The Butterfly Effect is well-known thanks to movies, books, and a wonderful speaker by the name of Andy Andrews. If you haven't gotten hooked on this professional noticer, I can only recommend with every fiber of my being that you Google him, or pick up one of his books and make time to devour it.
The Butterflies Effect is well-know to those who have gotten to the cusp of presenting, only to discover shakes and jitters, sweating, nausea, and other flu-like symptoms as you are about to take over the room.
However, you can overcome the Butterflies Effect and have a wonderful presentation. You simply have to change your perspective.
If someone gives you a horrible gift, it could be for any of a number of reasons. They don't know you very well, and thought you'd like this. They don't like you, but felt pressure to give you a gift. They are in a storm in life, focused on a crisis, but wanted to acknowledge the occasion because they value you.
The way you attribute their motive will impact your relationship. And, honestly, it will have a much bigger affect on your well-being than theirs. The choice of how to interpret the giving is up to you.
Back to our presentation...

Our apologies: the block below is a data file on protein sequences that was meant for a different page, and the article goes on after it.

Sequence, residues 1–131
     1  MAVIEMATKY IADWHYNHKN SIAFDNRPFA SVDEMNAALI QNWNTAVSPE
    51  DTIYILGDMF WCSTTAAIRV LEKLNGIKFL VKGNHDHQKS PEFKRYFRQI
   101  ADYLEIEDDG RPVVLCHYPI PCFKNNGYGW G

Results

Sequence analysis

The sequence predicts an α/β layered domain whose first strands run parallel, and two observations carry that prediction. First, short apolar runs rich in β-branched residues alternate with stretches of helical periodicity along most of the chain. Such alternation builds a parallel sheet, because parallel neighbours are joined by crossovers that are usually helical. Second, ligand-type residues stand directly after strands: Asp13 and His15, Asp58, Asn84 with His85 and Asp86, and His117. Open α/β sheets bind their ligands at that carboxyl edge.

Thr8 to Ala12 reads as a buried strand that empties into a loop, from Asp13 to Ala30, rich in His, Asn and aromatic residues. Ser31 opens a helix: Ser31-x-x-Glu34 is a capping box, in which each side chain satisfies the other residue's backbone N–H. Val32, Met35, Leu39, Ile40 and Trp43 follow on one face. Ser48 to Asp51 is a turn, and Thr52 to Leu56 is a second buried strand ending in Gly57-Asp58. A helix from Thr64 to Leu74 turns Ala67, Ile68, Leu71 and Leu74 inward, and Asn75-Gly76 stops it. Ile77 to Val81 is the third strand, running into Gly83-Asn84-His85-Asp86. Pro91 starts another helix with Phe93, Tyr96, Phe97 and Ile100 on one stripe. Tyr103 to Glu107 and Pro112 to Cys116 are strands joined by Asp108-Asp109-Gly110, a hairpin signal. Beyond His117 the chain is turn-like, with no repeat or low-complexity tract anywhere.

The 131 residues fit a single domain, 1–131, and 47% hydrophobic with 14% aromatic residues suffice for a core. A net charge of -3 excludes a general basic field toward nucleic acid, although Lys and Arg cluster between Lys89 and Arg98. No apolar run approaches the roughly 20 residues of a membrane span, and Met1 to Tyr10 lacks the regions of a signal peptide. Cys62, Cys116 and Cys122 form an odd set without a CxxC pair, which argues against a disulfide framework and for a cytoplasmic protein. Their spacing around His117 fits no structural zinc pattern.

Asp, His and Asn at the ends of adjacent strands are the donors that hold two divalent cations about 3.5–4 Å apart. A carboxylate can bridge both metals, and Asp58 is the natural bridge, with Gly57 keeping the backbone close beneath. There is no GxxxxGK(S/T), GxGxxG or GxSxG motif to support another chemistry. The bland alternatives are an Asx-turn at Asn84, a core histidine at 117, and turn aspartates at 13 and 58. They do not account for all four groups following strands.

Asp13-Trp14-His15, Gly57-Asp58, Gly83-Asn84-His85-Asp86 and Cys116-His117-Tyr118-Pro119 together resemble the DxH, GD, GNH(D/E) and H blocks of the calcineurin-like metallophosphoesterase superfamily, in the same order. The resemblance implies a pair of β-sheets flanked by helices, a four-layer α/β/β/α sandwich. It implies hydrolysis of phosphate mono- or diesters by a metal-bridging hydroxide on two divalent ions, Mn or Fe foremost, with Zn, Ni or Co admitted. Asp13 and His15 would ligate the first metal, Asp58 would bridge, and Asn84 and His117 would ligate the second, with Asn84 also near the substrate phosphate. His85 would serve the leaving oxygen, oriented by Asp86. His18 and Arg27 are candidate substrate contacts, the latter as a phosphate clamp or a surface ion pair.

Your body knows you are about to enter the arena, and that you need some energy to make it through. So, your internal systems rev up for the show. But you aren't using that energy yet, so it overflows in ways that might not be terribly comfortable.
The choice is yours. Do you interpret the butterflies in your stomach as a show-stopping illness? Or do you choose to make the butterflies fly in formation as you deliver your information, knowing that a speech without energy is like paint drying without the excitement?
There are may ways to deal with communication anxiety. Start with knowing that your body is trying to help. And take comfort in the fact that even the most polished presenters in the world will tell you they still get butterflies. And as those butterflies are flapping their wings, the effect they can have - and you can have - are limitless!